Ryan S. ClarkNHL reporter5 minute read
LAS VEGAS — Leon Draisaitl’s two goals on Saturday did more than just help pace the Edmonton Oilers’ 5-1 win over the Vegas Golden Knights in Game 2 of the Western Conference Quarterfinals .
Draisaitl’s performance was a big reason the Oilers left the wilderness with a tied streak — and momentum — going into Game 3 Monday at Rogers Place in Edmonton. Those two goals are also responsible for starting a conversation about how the Oilers superstar center could be in a position to own one of the most historic individual playoff efforts in NHL history.
The conversation in question? Could Draisaitl break the record for most goals in a single post-season? The brand is shared by Reggie Leach and Hall of Fame forward Jari Kurri.
Leach scored 19 goals in 16 games for the Philadelphia Flyers in the 1975-76 playoffs, while Kurri tied the record with 19 goals in 18 games for the Oilers in the 1984-85 playoffs.
As for Draisaitl, the 2020 Hart Memorial Trophy winner already has 13 goals in eight games.
“You just prepared for the next one,” Draisaitl said when asked about the record. “I think it’s a cliché and everyone will say it, but that’s how it is. That’s how we work. That’s how every player in this league works. You do your part and try to do it as well as you can every night. You move on and get ready for Game 3.”
Draisaitl’s run began when he scored seven goals in a six-game first-round series against the Los Angeles Kings. He followed that up by scoring all four goals for the Oilers in a 6-4 loss to the Golden Knights in Game 1 on Wednesday.
The way he scored twice on Saturday was a representation of the Oilers’ strategy to even the series. It was also a contrast to what happened in Game 1, in which the Golden Knights used an aggressive forecheck to limit scoring chances in part by taking up time and space.
Edmonton was immediately aggressive in the first period with what would be its first of six power-play chances, which Draisaitl converted for a 1-0 lead less than three minutes into the game. Less than five minutes later, defenseman Evan Bouchard scored another power play goal to double the lead.
Vegas was on the power play when Oilers superstar Connor McDavid created a turnover, grabbed possession and held off a defender with one arm before using the other to push the puck past Golden Knights goaltender Laurent Brossoit for a shorthanded goal and a 3-0 lead.
Draisaitl cemented the Oilers’ first period with another goal with less than four minutes left in the first for a 4-0 lead.
“At this point, nothing surprises me about what he’s doing,” Bouchard said of Draisaitl’s two-goal game. “He had two more tonight. What’s that? 13, right? In eight games, that’s something that doesn’t happen very often.”
What the Oilers did in the first period is another reminder of what they did in the regular season and the first round of the playoffs: convert on the power play and, when possible, control possession. They finished the regular season leading the NHL with a 32.4% success rate on the power play while their shot sharing allowed them to possess possession 52.27% of the time in 5-on-5 play, according to Natural Stat Trick.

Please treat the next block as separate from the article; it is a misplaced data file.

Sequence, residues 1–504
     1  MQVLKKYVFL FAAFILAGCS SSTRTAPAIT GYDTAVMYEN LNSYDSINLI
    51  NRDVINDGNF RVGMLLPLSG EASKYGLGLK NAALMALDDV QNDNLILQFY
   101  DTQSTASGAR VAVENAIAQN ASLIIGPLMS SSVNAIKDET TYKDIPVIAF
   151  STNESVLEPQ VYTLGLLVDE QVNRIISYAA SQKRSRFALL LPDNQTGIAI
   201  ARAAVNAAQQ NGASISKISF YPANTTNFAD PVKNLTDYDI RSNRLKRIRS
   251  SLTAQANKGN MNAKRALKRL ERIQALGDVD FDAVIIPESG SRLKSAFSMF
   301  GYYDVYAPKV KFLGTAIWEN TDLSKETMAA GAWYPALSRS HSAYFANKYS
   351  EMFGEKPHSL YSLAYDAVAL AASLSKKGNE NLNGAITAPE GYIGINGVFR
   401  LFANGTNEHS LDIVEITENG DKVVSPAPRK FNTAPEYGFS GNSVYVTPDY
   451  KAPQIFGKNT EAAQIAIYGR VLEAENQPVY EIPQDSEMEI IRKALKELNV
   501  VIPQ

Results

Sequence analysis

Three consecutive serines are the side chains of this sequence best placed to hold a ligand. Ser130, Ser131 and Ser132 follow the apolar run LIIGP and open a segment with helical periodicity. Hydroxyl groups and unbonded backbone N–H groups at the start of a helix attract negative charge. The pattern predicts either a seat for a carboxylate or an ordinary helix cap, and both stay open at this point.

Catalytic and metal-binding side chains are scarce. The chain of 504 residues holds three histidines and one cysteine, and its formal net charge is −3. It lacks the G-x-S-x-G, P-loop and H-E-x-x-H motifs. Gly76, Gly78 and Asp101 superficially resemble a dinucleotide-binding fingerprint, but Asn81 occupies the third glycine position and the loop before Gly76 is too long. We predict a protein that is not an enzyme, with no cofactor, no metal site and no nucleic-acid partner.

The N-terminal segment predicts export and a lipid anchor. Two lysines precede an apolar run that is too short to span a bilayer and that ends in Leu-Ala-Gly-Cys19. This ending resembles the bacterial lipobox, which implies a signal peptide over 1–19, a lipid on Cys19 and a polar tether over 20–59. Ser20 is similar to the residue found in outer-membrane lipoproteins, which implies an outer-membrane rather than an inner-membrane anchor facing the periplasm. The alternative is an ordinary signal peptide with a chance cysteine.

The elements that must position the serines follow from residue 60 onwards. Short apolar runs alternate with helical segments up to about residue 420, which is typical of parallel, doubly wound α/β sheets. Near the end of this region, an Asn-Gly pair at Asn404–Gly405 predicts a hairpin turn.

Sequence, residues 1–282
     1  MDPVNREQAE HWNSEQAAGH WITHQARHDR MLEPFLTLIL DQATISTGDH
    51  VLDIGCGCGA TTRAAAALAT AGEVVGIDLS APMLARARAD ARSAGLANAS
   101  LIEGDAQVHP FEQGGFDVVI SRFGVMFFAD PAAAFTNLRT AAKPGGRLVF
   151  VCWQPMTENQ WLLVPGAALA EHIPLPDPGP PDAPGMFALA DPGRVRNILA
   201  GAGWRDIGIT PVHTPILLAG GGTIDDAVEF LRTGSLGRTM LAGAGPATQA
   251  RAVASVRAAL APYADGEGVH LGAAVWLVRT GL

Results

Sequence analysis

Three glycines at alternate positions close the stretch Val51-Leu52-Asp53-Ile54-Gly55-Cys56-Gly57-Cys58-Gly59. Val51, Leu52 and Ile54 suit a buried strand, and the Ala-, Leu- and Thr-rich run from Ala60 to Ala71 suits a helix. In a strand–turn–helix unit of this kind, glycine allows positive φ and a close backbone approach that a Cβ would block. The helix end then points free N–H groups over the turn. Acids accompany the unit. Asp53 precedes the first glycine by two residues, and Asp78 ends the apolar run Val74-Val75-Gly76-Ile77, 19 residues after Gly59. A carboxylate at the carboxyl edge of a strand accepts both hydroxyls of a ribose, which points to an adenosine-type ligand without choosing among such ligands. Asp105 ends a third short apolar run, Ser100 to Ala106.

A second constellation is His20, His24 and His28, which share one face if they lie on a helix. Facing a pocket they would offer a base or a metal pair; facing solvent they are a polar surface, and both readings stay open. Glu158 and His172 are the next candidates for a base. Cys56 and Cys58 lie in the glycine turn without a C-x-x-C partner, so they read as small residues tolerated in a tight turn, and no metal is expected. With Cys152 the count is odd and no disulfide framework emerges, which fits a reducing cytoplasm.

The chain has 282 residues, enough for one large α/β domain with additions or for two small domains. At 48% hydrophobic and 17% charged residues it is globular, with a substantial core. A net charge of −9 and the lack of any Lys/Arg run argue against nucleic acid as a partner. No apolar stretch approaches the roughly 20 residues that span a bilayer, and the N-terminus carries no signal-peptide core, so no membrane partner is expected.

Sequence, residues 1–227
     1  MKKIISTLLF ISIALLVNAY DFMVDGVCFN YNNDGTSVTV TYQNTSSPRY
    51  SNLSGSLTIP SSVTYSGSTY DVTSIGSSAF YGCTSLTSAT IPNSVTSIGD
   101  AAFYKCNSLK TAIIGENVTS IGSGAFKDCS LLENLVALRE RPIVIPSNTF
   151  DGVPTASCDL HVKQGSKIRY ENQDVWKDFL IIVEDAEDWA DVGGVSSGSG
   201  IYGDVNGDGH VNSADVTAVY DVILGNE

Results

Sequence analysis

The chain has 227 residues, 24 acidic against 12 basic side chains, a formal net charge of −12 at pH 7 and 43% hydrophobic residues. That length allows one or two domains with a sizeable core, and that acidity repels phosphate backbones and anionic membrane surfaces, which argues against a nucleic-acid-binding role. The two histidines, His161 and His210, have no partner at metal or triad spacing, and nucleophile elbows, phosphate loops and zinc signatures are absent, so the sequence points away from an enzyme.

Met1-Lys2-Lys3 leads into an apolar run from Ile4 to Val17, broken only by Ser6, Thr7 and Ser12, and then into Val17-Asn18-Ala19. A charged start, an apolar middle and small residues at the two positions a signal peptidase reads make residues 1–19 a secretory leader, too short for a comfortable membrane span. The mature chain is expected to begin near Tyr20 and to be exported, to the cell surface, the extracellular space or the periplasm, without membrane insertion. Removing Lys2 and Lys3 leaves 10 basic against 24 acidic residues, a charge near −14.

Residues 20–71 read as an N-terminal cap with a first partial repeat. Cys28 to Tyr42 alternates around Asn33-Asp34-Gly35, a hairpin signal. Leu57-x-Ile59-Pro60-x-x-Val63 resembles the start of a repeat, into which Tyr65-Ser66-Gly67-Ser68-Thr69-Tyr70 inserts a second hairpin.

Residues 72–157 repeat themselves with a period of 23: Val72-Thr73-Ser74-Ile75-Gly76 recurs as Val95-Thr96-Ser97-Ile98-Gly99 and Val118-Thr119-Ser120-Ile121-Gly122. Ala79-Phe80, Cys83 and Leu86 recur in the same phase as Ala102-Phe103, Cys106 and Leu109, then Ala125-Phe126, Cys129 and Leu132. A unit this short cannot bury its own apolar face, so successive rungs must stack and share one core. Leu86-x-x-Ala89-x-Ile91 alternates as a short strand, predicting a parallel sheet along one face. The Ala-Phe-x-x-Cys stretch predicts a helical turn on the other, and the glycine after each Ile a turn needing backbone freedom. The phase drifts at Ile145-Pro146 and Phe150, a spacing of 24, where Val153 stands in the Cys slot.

The Oilers finished the first period with a shooting share of over 69% in addition to converting 50% of their chances to the power play. Coming to the playoffs, the Oilers are now fourth in shot-sharing percentage at 52.35% while their power play continues to leave opponents searching for answers as they lead the league in shot-sharing rate. 56% pass rate.
“They had the puck, they kept it and they were strong,” Golden Knights coach Bruce Cassidy said. “The cuts, you name it. The [offensive] area support over the goal line, all those things. Things we didn’t do well enough to tip the game in our favor. We weren’t hard on the puck. »
A three-time scorer of 50 goals, Draisaitl netted 52 in the regular season to further cement his place among the game’s best players and most dangerous scorers.
Last year he scored seven playoff goals but was still second in the NHL with 32 points in 16 games. These contributions helped the Oilers advance to the Western Conference Finals, where they were eliminated by the eventual Stanley Cup champion Colorado Avalanche.
What Draisaitl did a year ago has created hope that he could be in line for another big playoff push this year.
He finished Saturday leading the Stanley Cup Playoffs in goals, points, points per game, even-strength goals and power-play goals. His 13 goals also means Draisaitl is now two goals away from matching the number of goals the Minnesota Wild and Winnipeg Jets each scored before being eliminated in the first round.
Then there’s that bit of context: Draisaitl is six goals away from scoring more playoff goals than he had in his previous playoffs combined.
“Obviously he’s playing on another level,” McDavid said. “I don’t know why anyone would be surprised at this point because he’s the best player in the world on many nights. He shows that regularly. As he talked about, we’re here for a lot more than just scoring goals and scoring points. That’s not what it’s about at all. That’s not what we’re doing here. It’s just part of the play.”